Mortgage Lenders Network USA Inc. has stopped funding loans and placed about 80 percent of the employees in its wholesale lending operation on furlough, but will continue to service its $17.8 billion loan portfolio, the company said in response to media reports that it was closing.

MLN’s servicing platform remains strong, the company said in a statement, but “the economics of the wholesale mortgage market have deteriorated dramatically over the past two months industrywide.”

MLN has temporarily discontinued wholesale originations and is involved with “several Wall Street firms” about its wholesale mortgage origination platform, the company said.

“Until we see credit quality and margins return to acceptable levels we have determined that MLN needs to pause from wholesale broker originations,” said MLN President and Chief Executive Officer Mitchell Heffernan.

In a Dec. 8 press release, MLN said it employed 1,800 workers, including 950 in Connecticut and at regional offices in Atlanta, Chicago, Phoenix and Philadelphia. MLN spokesman James Pedrick told Inman News Wednesday that the company has placed 80 percent of the employees in its wholesale lending platform on temporary furlough, but continues to operate its servicing platform and retail franchise. Pedrick said a news report that MLN had placed 1,440 employees on furlough was incorrect, but declined to provide numbers.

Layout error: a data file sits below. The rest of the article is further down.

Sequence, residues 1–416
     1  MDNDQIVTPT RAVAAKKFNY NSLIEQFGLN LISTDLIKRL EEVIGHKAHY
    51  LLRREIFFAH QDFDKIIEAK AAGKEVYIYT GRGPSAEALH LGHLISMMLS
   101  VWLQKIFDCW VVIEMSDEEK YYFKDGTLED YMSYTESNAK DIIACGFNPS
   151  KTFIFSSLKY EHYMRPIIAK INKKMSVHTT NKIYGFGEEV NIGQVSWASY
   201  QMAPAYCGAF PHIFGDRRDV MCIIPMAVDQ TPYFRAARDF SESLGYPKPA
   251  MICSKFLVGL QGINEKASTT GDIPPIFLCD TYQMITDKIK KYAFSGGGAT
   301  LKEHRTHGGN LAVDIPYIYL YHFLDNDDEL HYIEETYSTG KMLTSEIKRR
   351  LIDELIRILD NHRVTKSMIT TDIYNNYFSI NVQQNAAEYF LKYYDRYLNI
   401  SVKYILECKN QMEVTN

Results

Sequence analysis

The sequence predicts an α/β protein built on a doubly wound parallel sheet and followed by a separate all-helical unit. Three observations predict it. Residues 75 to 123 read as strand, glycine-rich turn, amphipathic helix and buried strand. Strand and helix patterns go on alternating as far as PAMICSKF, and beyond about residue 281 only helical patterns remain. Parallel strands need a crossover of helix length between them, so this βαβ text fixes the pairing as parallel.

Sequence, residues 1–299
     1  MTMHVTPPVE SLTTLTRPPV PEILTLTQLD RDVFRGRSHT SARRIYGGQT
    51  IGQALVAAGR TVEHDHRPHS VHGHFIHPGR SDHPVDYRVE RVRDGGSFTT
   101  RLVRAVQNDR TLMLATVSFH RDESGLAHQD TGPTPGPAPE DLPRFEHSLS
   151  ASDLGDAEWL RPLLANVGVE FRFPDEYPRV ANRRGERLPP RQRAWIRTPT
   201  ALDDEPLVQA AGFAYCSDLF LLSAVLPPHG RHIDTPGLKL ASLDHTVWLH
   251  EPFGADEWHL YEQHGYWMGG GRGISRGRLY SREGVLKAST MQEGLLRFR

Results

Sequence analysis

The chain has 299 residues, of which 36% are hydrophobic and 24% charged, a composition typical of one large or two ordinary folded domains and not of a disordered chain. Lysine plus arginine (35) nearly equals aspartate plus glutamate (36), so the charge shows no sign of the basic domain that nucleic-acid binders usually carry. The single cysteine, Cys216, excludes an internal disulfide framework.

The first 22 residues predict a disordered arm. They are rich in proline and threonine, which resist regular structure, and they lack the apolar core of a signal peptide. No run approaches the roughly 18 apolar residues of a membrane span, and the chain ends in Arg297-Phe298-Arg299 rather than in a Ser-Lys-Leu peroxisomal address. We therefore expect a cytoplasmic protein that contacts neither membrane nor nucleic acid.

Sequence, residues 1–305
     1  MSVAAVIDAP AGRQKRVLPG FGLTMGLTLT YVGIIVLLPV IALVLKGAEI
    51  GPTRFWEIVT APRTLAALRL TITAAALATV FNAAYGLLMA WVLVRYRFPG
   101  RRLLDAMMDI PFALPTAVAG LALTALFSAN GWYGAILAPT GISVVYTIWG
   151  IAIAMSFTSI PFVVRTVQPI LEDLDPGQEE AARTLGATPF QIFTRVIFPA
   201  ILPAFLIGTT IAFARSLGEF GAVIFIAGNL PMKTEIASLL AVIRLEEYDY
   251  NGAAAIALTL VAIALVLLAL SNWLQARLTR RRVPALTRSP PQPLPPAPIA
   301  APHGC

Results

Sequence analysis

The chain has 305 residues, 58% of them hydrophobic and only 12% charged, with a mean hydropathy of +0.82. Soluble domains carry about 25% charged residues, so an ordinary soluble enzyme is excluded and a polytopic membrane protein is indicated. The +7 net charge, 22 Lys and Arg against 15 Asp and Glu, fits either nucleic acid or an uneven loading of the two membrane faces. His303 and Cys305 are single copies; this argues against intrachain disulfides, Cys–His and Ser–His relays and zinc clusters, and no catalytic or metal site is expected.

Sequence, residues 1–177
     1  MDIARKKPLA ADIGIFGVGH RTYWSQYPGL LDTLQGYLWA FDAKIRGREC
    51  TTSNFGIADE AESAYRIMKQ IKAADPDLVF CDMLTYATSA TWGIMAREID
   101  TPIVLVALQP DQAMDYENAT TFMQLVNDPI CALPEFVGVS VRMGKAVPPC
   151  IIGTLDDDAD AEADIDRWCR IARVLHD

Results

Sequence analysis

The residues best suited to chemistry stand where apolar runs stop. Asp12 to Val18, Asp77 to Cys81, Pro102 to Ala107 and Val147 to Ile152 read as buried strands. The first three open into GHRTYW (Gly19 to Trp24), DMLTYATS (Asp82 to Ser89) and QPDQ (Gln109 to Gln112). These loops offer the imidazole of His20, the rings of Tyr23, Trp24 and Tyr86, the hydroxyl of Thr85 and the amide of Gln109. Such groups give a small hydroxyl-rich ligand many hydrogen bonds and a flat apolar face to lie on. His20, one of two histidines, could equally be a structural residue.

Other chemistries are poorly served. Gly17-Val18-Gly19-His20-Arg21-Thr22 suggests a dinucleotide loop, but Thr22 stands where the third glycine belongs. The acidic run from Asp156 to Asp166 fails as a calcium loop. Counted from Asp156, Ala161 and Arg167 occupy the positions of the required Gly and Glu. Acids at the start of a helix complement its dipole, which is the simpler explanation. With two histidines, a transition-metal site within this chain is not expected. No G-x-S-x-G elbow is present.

Several mortgage lenders have closed their doors in recent weeks after investors withdrew funding or demanded that they repurchase bad loans, including Ownit Mortgage Solutions Inc., Sebring Capital Partners and Harbourton Mortgage Investment Corp.

Ownit Mortgage chief executive William Dallas said the Agoura Hills, Calif.-based lender was forced to file for Chapter 11 bankruptcy last month after Wall Street investors demanded it repay more than $165 million in delinquent loans, the Los Angeles Times reported today.

Merrill Lynch & Co., which purchased a one-fifth stake in Ownit in September 2005, turned down an offer to take control of the company when it got in trouble, Dallas said. Merrill Lynch has acquired another subprime lender, First Franklin, paying Cleveland-based National City Corp. $1.3 billion.

Ownit’s reliance on 100 percent financing with terms of up to 45 years terms apparently scared away other potential buyers, because of the lender’s obligations to buy back mortgages in early default, the Times reported.

Other independent subprime lenders who depend on Wall Street for financing will face similar pressures, Dallas said, predicting, “This is going to end badly” for the industry.


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